Julius has a lean and hungry look

The conspirators... Kate Mulvany (Cassius) and Colin Moody (Brutus, far right)

The conspirators... Kate Mulvany (Cassius) and Colin Moody (Brutus, far right)

Arts editor HELEN MUSA discovers some surprising differences in Bell’s new adaption of “Julius Caesar”

YOU can expect to see a lean and hungry version of Shakespeare’s “Julius Caesar” at the Playhouse soon.

For Bell Shakespeare has hired playwright Kate Mulvany, not only as an actor playing a lean-and-hungry role, but as co-adapter, with the director Peter Evans, of this much-loved work.

Mulvany, of course, is already familiar to Canberra audiences from her performance piece “The Seed,” seen at The Street Theatre two years ago – that’s the last time she was in Canberra.

Keeping busy writing scripts, including a commissioned work by Bell Shakespeare about female freemasons, she’s been working in film and TV. Now she is playing, of all roles, Cassius, the brains behind the coup against Caesar.

Typically, Cassius is thought to be a man, but in Mulvany’s view that’s irrelevant, since essentially he is, as Shakespeare wrote him, a living breathing human being. And anyway, Mulvany reminds me, Robyn Nevin once played Mark Antony.

It seems there are pitfalls in casting the often vituperative Cassius as a woman, so they had to be careful not to stereotype him as a conniving female.

“I’m playing Brutus’ sidekick as a strong female character and a brilliant politician,” she says. She is manipulative, she’s lean and hungry, but she’s also vulnerable and dies with a beautiful speech.

“I don’t say sorry, but it’s pretty damn close,” Mulvany says.

As  co-adapter, she has a view about the contemporary parallels being drawn in this production, promoted with references to Julia Gillard’s political assassination of Kevin Rudd.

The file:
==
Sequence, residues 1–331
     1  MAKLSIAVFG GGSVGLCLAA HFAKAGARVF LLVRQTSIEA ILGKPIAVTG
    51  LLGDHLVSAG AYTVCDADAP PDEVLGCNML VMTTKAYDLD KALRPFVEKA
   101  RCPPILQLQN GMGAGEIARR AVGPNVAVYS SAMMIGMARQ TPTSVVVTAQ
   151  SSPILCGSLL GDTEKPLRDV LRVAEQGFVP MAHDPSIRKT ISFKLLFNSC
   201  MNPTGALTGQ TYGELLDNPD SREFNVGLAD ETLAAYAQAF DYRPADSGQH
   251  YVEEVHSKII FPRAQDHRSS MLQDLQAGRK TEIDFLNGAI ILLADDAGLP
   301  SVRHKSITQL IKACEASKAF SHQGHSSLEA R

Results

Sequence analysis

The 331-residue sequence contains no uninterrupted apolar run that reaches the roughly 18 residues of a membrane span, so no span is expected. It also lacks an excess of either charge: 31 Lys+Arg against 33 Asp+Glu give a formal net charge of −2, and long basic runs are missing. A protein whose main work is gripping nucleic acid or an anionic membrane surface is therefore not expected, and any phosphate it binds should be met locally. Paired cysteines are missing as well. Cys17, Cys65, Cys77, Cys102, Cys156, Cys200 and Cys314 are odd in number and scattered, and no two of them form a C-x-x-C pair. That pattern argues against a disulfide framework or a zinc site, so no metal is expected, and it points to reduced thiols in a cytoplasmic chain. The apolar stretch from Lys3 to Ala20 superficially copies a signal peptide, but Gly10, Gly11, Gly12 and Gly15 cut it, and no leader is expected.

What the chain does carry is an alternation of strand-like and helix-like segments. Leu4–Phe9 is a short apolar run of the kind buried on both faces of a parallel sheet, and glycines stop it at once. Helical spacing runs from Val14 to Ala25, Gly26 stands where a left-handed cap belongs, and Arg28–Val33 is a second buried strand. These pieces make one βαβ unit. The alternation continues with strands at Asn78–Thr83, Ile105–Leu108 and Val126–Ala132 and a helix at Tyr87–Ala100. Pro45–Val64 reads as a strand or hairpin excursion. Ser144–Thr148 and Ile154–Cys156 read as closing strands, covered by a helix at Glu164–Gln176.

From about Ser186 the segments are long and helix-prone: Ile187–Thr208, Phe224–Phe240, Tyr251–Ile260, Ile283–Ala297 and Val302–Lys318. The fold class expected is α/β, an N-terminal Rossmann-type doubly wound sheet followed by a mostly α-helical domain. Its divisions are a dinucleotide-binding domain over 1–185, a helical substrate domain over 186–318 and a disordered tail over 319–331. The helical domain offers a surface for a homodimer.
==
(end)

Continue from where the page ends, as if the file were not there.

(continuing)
To Mulvany, “Julius Caesar” is much bigger than that, with “an intricate set of relationships, so there’ll be no red wigs and no terrible Ocker accents… this is a universal piece.”

As for the scripted female characters, “Julius Caesar” has two principals, Caesar’s wife Calpurnia (“I told him, don’t go”) and Portia, the upstanding wife of Brutus and daughter of the stoic philosopher Cato.

Shakespeare obviously loved both the character-type and the name of Portia, used twice in his plays. Here she’s played by Melbourne’s Katie-Jean Harding, who, with Antony, gets some of the best lines in the play.

Credited by critics as the only married woman in Shakespeare to rise above wifely stereotyping, she is nonetheless often played using sexual wiles to persuade Brutus to unbutton his secrets.

“I tackle it in a different, modern way, asking what it is to be a woman,” Harding tells me. “It’s a brilliant role and a  brilliant scene,” she says, shedding light on the character of Brutus and what he’s giving up by getting involved in the conspiracy against Caesar.

Harding also hints at the lean-and-hungry look of this new version, in which the ending is changed. Really? How? “Well that’s a big question for the audience to answer,” she answers.

“Julius Caesar”, The Playhouse, August 2-13, bookings to 6275 2700 or canberratheatrecentre.com.au 

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